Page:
· Roddy Bray's Story-Letters from Southern Africa
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| Nelson Buthulezi is tall, upright, broad
shouldered and dark skinned: the classic frame of a Zulu man; the pride of his
nation distilled in his taciturn manner and the long look in his eyes, only
slightly offset by the manners of youth: a diamond earring, well-worn jeans and
a quick smile. He recently told his story to a group I was guiding from Duke
His grandfather was a preacher in Zululand. Life was strict - and in his
boyhood Nelson tasted nothing stronger than the grape juice served on Sundays.
He grew up among farm labourers and by his late teens he was tired of sugar
cane, pineapples and
solemnity. He left, and somehow, unusually
for a Zulu, found himself in Cape Town where he was fortunate to find work as a
shop assistant on the Spier wine estate. 'Soon', he said with a smile 'I was
tasting something stronger than grape juice'. He acquired the enthusiasm of a
convert, extolling the subtleties of vineyards and varietals.
At this time, a wine farm was sold a few miles north of Spier, in the Paarl
district, a majestic estate at the foot of the towering du Toit's Kloof
mountains. The international investors put up new buildings and sought a new
image. Over glasses of their newly acquired wine they decided on an African
theme - the old French name of Languedoc became 'Ashanti' and the wines branded
with African names like 'Chiwara'.
One day, two of the directors were in the Spier wine shop and heard the young,
dignified Nelson Buthulezi extolling the qualities of a wine. They took him
aside and discreetly asked if he would like to become a wine-maker
began a journey for Nelson that has taken him through Stellenbosch university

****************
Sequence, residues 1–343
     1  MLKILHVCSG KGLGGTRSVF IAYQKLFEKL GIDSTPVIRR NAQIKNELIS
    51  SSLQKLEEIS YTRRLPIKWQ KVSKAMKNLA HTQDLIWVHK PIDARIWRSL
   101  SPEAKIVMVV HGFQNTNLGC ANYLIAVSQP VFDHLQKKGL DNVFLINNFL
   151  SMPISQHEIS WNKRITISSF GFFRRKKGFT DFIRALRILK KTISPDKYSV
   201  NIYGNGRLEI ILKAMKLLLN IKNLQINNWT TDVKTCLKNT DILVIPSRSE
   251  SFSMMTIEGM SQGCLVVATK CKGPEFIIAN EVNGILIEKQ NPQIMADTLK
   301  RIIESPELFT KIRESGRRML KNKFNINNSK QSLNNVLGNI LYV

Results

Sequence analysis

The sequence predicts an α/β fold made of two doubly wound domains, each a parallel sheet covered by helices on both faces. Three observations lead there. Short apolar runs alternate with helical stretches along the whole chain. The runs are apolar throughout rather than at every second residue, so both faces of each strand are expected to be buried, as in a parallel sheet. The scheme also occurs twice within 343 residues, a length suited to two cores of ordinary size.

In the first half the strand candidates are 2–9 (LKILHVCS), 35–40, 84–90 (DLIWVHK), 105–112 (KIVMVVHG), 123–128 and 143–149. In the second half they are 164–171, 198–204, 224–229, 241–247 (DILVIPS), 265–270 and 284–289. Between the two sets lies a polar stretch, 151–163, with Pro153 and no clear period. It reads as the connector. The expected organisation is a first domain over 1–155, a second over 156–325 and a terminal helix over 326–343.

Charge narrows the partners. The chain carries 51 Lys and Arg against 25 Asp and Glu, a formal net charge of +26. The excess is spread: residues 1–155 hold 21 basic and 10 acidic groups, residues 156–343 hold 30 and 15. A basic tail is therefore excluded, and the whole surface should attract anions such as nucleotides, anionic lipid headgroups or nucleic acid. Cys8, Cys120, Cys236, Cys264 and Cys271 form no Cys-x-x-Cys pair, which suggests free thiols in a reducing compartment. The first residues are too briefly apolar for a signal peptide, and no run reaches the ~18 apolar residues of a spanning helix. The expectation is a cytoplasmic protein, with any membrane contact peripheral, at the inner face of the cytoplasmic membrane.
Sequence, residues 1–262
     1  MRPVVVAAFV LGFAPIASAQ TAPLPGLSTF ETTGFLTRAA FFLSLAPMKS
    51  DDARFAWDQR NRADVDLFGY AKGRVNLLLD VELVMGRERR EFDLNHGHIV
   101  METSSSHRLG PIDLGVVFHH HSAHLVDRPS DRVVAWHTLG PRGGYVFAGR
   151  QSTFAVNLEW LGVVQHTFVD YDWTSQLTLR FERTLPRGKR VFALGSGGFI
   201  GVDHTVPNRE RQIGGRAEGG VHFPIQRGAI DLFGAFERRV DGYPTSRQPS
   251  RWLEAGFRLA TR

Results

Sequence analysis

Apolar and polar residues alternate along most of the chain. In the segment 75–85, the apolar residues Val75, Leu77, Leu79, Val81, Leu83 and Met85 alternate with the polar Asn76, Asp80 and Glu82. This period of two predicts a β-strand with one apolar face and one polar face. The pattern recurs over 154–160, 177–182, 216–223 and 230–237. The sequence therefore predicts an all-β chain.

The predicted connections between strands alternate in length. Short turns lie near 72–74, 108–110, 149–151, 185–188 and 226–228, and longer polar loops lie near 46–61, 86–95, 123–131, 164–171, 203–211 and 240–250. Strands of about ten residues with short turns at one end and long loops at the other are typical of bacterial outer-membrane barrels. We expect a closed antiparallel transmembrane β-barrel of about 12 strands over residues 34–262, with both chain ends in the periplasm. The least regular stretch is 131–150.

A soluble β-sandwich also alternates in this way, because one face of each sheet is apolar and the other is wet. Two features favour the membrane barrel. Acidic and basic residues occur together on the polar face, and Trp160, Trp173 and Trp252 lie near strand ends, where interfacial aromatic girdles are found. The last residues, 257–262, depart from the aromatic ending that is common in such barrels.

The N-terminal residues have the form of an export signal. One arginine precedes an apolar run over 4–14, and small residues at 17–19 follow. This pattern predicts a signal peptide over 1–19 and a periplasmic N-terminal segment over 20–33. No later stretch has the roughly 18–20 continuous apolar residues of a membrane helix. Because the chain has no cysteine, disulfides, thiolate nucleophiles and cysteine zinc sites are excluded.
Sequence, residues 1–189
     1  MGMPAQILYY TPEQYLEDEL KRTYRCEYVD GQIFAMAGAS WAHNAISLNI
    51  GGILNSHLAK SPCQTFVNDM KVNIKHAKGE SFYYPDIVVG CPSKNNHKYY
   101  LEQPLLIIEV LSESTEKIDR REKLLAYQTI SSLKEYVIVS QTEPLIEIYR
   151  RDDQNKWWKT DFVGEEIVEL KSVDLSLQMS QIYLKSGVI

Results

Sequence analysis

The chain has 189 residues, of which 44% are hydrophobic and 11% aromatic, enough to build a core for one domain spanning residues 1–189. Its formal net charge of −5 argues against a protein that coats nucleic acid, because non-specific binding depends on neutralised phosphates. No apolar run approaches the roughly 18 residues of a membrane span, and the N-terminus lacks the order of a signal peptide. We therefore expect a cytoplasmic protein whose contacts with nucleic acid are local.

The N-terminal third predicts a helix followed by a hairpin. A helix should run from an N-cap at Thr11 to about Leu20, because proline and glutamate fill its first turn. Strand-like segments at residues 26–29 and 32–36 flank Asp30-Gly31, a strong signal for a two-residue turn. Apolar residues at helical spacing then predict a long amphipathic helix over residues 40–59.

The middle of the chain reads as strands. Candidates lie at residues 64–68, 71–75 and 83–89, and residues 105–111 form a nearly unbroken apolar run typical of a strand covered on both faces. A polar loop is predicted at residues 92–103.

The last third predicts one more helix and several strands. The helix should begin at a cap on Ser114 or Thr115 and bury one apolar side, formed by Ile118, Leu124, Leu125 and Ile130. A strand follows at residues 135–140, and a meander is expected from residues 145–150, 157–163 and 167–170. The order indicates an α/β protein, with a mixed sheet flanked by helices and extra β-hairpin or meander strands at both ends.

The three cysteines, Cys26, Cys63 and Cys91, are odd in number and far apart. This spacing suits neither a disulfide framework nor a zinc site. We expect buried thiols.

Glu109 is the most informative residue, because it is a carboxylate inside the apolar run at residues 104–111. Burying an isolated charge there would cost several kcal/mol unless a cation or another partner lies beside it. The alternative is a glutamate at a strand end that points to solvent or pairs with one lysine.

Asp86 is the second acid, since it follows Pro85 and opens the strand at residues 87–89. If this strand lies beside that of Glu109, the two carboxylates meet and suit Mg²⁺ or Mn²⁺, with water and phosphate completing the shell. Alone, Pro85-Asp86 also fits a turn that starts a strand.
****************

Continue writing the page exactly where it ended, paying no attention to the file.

as a part-time student, whilst working as an assistant to the Winemaker at
Ashanti. In 2003 he succeeded his mentor as Winemaker and is now supported by a
consultant as he finishes his studies.
The Cape Winelands have always been associated with Afrikaaners: estates became
known for the famous sportsmen and business leaders who owned them, like Jannie
Englebrecht and Anton Rupert, and winemakers like Beyers Truter. The Nederburg
Wine Auction became the 'who's who' of white society and a fashion parade for
elegant women. The glossy image belied the realities of the estates: behind the
whitewashed, gabled buildings, avenues of oaks and olive trees and neat parades
of vines, many workers lived in poverty and dependence, some only paid in
regular doses of alcohol (the notorious 'dop' system).
But, like every exclusive bastion of the white tribe of Africa, the wine
industry is changing too, and often because of the leadership of enlightened
farm owners who want to see change. I often take guests to Nelson's Creek,
where Alan Nelson famously gave a significant portion of his land, and use of
cellar facilities, to his workers. They now produce 'New Beginnings', a
tremendously successful international brand.
Nelson's Creek pioneered
radical empowerment, but others soon followed. Sonop estate gave land for the
'Winds of Change' project, launched in 1999 to fund social and economic black
empowerment in the South African Wine industry. More than a million bottles
have been sold, mainly in the UK, generating in excess of R650 000 for
development projects in the worker's community (over $100,000).
Paul Cluver estate, working in partnership
with government, created a 200ha farm on former forestry land in 1996. With
Cluver's help, the local community began to produce apples, pears and plums on
the land and then created 'Thandi' (Xhosa for 'nurturing love') a wine brand
that is selling well both locally and internationally. Their vision statement
is "with love grow together". A similar project is 'Freedom Road',
supported by the Backsberg estate. Other farmers have donated use of their
facilities to worker-owned wine co-operatives, such as Fair Valley and Tukulu.
Some farmers have given their workers share options.
These projects have provided enhanced incomes and dignity for workers and their
communities. They have forged new and more constructive realtionships between
managers and workers. Other programmes are investing in future black winemakers
and estate owners. Thabani Wines, owned by connoisseur, Jabulani Ntshangase,
has committed funds to the education of winemakers - leading to a four-fold
increase in the number of black BSc viticulture / oenology graduates in South
Africa. As Nelson Buthulezi told us 'there are few black winemakers now, but
there are several more studying; I hope we will bring a fresh approach and new
ideas to the industry'. Nelson is just one of a new generation of black people
that are entering the 'white' bastion of the wine industry and bringing fresh
ideas and creating new beneficiaries.
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